I was a pretty strange little girl. While the other girls at my preschool were playing princess-dress-up, I was collecting bugs in a dirt patch. My parents bought me a Barbie Dream House once. I ended up cutting off the dolls’ hair, covering them with paint and Crayola marker ink, and ultimately mutilated them before throwing them out and proclaiming “No Barbies allowed! Only dinosaurs and animals!” as I filled the pink plastic mansion with brontosauruses and pterodactyls. I don’t think I ever wore a feminine Halloween costume until I was thirteen (previous Hollows’ Eve ensembles included a T. Rex, a Wolf, a Sorcerer, and Bob Marley). It wasn’t until my early teens that I realized that being a girl didn’t mean that I had to be pretty in pink and plastered in princess-y pomp. A girl can be a trailblazer. A girl can be a scientist. A girl can be a senator. A girl can be a leader. A girl can be intelligent. A girl can be independent. A girl can be powerful. A girl can be anything.
Vote for me. Vote for drama. Vote for anger. Vote for fads. Vote for bigotry. Vote for loud-mouthing. Vote for scandal. Vote for headlines. Vote for scape-goating. Vote for bandwagons. Vote for roasts. Vote for discrimination. Vote for red-faced, mindless, finger-pointing. Vote for me. Vote for me. Vote for me.
This is what modern politics have come to. A big circus freak show in which candidates attack each other and haggle over who’ll get to be ringleader. The goal is to win the prize for most shock value, because any press is good press. Too many politicians are willing to say almost anything, no matter how offensive, irrelevant, or ridiculous, just to get a headline.
Look at me.
No, look at ME.
Politicians acknowledge problems and the masses hoist their banners and shake their fists in agreement. Yes! This is a problem! I’ll support you! But who’s proposing solutions? Presidential candidates gain massive followings by riding the wave of anger that they’ve incited. They take advantage of people’s whirlwind emotions, especially hate, in order to overshadow each other and gain the most support. Everyone’s talking so much, and what do we get when the election’s over?
Nothing. Continue reading
We humans like to cling to things. Especially hope. During times of fear and struggle we hang dangling over darkness and uncertainty, clinging to our frayed threads of hope until our knuckles turn white. If we can hang on long enough, hope can get us through times of violence and destruction. But what about when the violence and destruction returns? We cling to the hope that things will get better, and for a time, they might. But it seems that some new conflict always arises to break down our sense of security and forces us to once again grip precariously to our threadbare hope.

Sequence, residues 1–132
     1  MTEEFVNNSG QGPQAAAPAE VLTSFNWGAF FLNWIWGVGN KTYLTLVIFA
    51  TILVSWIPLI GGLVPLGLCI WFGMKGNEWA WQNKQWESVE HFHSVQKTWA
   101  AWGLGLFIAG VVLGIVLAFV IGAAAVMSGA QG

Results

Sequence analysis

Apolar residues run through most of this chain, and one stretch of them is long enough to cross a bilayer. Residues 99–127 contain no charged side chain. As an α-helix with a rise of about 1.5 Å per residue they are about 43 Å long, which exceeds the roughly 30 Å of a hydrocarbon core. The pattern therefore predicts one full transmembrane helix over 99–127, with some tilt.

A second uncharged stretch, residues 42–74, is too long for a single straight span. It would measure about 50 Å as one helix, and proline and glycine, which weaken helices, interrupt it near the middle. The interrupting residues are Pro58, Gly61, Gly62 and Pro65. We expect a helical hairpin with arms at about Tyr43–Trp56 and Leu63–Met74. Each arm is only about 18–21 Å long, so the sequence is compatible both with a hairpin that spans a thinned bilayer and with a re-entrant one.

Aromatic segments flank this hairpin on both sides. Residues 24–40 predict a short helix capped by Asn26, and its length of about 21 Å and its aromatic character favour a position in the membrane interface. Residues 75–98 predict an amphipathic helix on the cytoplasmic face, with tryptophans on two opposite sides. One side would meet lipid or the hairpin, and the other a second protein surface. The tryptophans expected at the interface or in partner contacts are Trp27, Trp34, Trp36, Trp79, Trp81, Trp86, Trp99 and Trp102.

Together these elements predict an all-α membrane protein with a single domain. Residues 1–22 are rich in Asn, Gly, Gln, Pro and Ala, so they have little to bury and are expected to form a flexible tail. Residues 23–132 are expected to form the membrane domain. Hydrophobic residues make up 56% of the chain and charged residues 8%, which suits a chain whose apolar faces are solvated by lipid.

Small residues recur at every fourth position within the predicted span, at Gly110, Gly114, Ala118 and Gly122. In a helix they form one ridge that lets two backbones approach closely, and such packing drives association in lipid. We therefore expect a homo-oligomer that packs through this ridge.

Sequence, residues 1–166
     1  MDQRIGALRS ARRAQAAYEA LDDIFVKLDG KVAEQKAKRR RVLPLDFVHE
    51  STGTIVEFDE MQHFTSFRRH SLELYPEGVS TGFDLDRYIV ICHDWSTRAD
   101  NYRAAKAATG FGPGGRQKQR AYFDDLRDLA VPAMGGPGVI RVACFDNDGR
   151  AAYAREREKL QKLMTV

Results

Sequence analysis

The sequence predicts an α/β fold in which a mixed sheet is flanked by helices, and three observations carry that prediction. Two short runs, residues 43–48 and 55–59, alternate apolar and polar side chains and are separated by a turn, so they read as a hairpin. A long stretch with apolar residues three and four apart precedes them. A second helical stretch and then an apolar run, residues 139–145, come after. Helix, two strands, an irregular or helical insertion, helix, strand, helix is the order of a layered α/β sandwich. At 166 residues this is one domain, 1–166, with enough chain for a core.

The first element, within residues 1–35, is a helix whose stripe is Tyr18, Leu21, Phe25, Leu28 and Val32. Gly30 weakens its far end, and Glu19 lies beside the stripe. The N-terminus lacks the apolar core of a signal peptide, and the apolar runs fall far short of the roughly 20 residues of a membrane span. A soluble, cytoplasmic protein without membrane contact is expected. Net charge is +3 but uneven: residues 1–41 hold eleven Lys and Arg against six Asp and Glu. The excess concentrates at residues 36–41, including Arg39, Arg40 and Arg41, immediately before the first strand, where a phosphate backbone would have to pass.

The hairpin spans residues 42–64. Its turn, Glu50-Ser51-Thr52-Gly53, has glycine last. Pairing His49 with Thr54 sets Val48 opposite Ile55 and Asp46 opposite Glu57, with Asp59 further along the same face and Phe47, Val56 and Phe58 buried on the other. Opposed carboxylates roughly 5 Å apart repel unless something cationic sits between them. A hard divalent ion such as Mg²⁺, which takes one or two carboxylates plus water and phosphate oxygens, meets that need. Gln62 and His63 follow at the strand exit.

If the violence and struggle keeps coming back again and again, then there must be something we’re doing wrong. There has to be some kind of change we can make to really, truly, make things better. Continue reading
Every so often, the ground shakes beneath your feet. Usually it’s just a little tremble, testing your ability to stand upright while all that surrounds you shakes. But every once in a while, your entire world is shaken to its very foundations. All that has been built over last few decades, maybe even centuries could be uprooted, shaken, and crumble to the ground. During the 1960’s the world that had been established by generations previous — a perfect little world with definitive lines to divide right and wrong — experienced a violent earthquake that shattered the validity of previous belief systems.
Everybody is susceptible to following a charismatic leader. A few times every century, time and time again, a major issue of some sort will occur — whether a revolution in Russia, a thirst for the end of British imperialism in India, civil rights movements, or the Cold War — heating up until conflict is just about ready to boil over. No matter what the situation, the story is always the same. Someone, whether a humanitarian or an opportunist, will take charge of the situation and direct the needs and desires of the people towards a cause. And because the people believe that this person can give them what they desire, whole nations will follow a charismatic leader to the ends of the earth, even if it turns out that their interests were never truly with the people. It is those that see a need and fulfill it (or at least claim to) that bring about change in the world, for better or for worse, and are written down in history textbooks as benevolent champions and liberators or as megalomaniacal tyrants and oppressors.
The brilliant protest song “Sunday Bloody Sunday” is one of the songs that put the legendary Irish rockers, U2, on the map. It is considered to be one of the all-time greatest protest songs by music aficionados and is ranked number 272 on Rolling Stone’s “The 500 Greatest Songs of All Time”. The song is essentially mimicking the chaotic atmosphere of a conflict zone with its militaristic drums, “edgy” (pardon the pun) guitar riffs, and graphic lyrics describing the violence in great detail. While the specific instance depicted in the song is Bloody Sunday, the infamous shooting that took the lives of thirteen young men, that took place in Derry, Northern Ireland in 1972, “Sunday Bloody Sunday” has become an anthem for those of all nationalities living in conflict zones across the globe. Structure and intricacies set aside, the meaning behind “Sunday Bloody Sunday” can be summed up in a simple yet eloquent question: “Why must we fight?”